Spring training is an exhausting experience for everyone involved. Fans want the season to start. Players and coaches want to avoid injuries, though they always happen at the most inopportune times.
Sometimes, though, there are valuable lessons that we can take away from these exhibition games. It's best not to read too much into every pitch, but looking at a new pitch that has been added or a change in swing/approach can help surmise that good things are going to happen.
Now that we have two full weeks of games to analyze, here are the biggest winners from spring training so far.
Mike Moustakas, 3B, Kansas City Royals
To say that Mike Moustakas had a bad 2013 season would be an understatement. He had the lowest slugging percentage (.364), second-lowest on-base percentage (.287) and third-lowest batting average (.233) among qualified third baseman.
Despite those struggles, there were reasons to be optimistic heading into 2014. First, some of Moustakas' misfortune last year can be chalked up to bad luck.
While he's never been the most patient hitter, Moose's strikeout rate actually dropped four percent from 2012 to 2013 (20.2 to 16.1) and line-drive percentage increased from 16.4 to 18.8, yet his batting average on balls in play went from .274 to .257.
All that appears to be ancient history, as Moustakas looks like a new man this spring. He's hitting a balmy .500/.559/1.036 with three doubles, four home runs and 14 RBIs.
As Corban Goble of Grantland.com noted, Moustakas took the bull by the horns during the offseason to ensure another season like 2013 doesn't happen again.
But give Moustakas this: He’s trying! Checking his ego at U.S. Customs, he spent 17 games with Cardenales de Lara in Venezuela’s winter league. “Improved attitude” seems like a mandatory phrase in every Moustakas write-up from spring training, where he’s become the Crash Davis of the Cactus League.
Just 26 years old, Moustakas is entering the phase of his career where his ability to hit for power has to start showing up in games consistently for the Royals to give him playing time, There's nothing to pick apart so far this spring.
That's good news for a Kansas City team that has very legitimate playoff aspirations in the American League.
Michael Pineda, RHP, New York Yankees
You remember Michael Pineda, right? He was the flame throwing right-hander who made the All-Star team and averaged 9.1 strikeouts per nine innings as a rookie in Seattle, then got traded to New York in a deal that sent Jesus Montero to the Mariners.
What looked like one of the great prospect-for-prospect deals in years has turned into a colossal bust. Montero hasn't hit at all and showed up to camp this year 40 pounds overweight.
Pineda, on the other hand, has spent two years battling injuries and is finally at a point where he can throw in games again. It's only been two outings covering 4.2 innings, but his results have been exciting.
Now 25 years old, Pineda has nine strikeouts and one walk in 4.2 innings. The report from his start against Baltimore on Thursday was encouraging, courtesy of the Newark Star-Ledger's Jorge Castillo.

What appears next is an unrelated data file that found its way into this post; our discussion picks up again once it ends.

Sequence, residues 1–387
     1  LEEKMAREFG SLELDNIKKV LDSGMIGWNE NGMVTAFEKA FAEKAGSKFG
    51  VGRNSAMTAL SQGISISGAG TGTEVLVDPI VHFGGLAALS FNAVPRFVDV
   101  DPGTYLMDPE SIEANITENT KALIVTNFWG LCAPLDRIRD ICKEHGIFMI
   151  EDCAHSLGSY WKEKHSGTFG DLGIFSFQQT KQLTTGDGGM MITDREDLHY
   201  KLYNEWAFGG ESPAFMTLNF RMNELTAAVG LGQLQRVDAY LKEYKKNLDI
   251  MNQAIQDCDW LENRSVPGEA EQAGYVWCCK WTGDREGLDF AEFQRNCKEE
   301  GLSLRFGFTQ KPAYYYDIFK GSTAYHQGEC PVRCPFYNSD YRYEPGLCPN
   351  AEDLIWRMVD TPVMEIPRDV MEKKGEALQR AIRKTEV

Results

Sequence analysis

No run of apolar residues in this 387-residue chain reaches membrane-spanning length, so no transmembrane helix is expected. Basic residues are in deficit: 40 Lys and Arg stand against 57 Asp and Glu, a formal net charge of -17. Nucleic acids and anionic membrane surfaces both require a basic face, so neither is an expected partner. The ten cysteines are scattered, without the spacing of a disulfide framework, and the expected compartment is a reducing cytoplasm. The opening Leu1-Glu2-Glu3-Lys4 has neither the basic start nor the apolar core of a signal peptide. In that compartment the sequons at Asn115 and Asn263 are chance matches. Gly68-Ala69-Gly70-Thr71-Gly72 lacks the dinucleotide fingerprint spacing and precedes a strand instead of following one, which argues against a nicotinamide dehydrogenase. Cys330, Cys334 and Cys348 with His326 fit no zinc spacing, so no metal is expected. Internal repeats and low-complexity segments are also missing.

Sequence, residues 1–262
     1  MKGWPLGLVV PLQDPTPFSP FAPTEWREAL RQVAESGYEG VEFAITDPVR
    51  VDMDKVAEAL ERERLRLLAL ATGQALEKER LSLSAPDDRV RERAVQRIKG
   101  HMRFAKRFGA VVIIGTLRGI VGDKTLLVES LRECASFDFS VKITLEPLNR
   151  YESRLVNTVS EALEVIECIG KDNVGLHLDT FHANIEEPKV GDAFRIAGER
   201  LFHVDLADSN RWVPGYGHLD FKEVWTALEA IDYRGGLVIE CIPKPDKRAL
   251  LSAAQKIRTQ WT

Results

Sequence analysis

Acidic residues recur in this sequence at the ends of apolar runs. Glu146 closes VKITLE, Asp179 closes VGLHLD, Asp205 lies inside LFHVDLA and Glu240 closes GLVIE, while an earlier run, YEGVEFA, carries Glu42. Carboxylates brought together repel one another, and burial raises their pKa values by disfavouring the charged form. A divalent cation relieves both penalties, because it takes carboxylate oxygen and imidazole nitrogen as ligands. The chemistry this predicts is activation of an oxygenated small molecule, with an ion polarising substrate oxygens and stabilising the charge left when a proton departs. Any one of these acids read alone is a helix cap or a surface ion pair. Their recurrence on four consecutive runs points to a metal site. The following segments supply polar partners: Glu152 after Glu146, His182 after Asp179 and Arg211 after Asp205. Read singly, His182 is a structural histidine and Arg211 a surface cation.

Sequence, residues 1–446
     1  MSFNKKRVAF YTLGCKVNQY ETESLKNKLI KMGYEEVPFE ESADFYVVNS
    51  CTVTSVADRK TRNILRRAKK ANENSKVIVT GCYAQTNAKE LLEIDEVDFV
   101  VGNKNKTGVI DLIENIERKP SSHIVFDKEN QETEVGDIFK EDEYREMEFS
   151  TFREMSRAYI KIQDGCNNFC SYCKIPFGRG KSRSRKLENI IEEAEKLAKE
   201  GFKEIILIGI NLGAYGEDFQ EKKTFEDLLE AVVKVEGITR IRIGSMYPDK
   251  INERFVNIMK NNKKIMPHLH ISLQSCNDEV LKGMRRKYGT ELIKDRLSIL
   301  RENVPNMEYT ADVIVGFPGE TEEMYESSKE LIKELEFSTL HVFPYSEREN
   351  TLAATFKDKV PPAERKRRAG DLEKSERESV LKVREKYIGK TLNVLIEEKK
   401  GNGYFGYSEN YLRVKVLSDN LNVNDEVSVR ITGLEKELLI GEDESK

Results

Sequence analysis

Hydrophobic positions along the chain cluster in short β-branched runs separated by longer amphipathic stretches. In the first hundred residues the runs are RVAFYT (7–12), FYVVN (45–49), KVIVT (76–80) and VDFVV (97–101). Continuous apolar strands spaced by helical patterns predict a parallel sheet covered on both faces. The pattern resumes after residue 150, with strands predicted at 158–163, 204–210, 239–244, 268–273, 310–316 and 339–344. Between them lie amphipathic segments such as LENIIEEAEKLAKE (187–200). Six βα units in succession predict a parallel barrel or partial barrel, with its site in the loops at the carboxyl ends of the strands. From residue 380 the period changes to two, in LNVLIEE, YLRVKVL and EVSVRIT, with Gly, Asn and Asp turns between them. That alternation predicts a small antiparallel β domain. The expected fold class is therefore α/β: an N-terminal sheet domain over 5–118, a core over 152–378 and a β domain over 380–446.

Michael Pineda’s day is over with 2 on and 2 out in the 2nd. He threw 47 pitches and hit 92 mph a couple times.— Jorge Castillo (@jorgeccastillo) March 13, 2014
Which player is the most important to his team's success in 2014?
The velocity isn't where it was in his rookie season, when the fastball averaged 94.7 mph, but the results have still been inspiring.
CC Sabathia may have lost a lot of weight but is only hitting 88-89 with his fastball. Hiroki Kuroda got knocked around in his last spring appearance (3.2 IP, 10 hits, six runs).
Masahiro Tanaka could easily end up as New York's best starter by midseason, but the team will need someone else to step up in order to make the playoffs. Pineda has that potential, even if he's too volatile to depend on for 25-30 starts.
Don't buy all-in on Pineda yet, but the fact he's throwing well in games is a huge step in the right direction.
Ryan Braun, OF, Milwaukee Brewers
With the exception of Alex Rodriguez, no player had a more eventful (for all the wrong reasons) 2013 season than Ryan Braun. The 2011 NL MVP was in the midst of the worst year of his career—still excellent by almost anyone else's standards—with a .298/.372/.498 line in 61 games.
After Major League Baseball got information from Anthony Bosch about the Biogenesis clinic he ran in Florida, which named Ryan Braun as a client, the league suspended Milwaukee's All-Star down for the last 65 games of the year.
Braun remained quiet until the offseason, reportedly making amends with sample collector Dino Laurenzi over dinner and told Bob Nightengale of USA Today that he is strong and what people may yell doesn't bother him.
People may have something new to yell now, but it's really no different than anything I've gone though. I've never gone to Chicago and had them cheer for me. I've never gone to St. Louis and had them say, "I hope you do great.' Nobody's fans have ever cheered for the opposing team's best player.
That confidence is showing on the field this spring, where Braun homered in his first at-bat and hasn't let up since with a .571/.647/1.143 line.
He may have been a forgotten man in some circles, but Braun is going to have a monster year for the Brewers in 2014.
Note: Stats courtesy of MLB.com unless otherwise noted.
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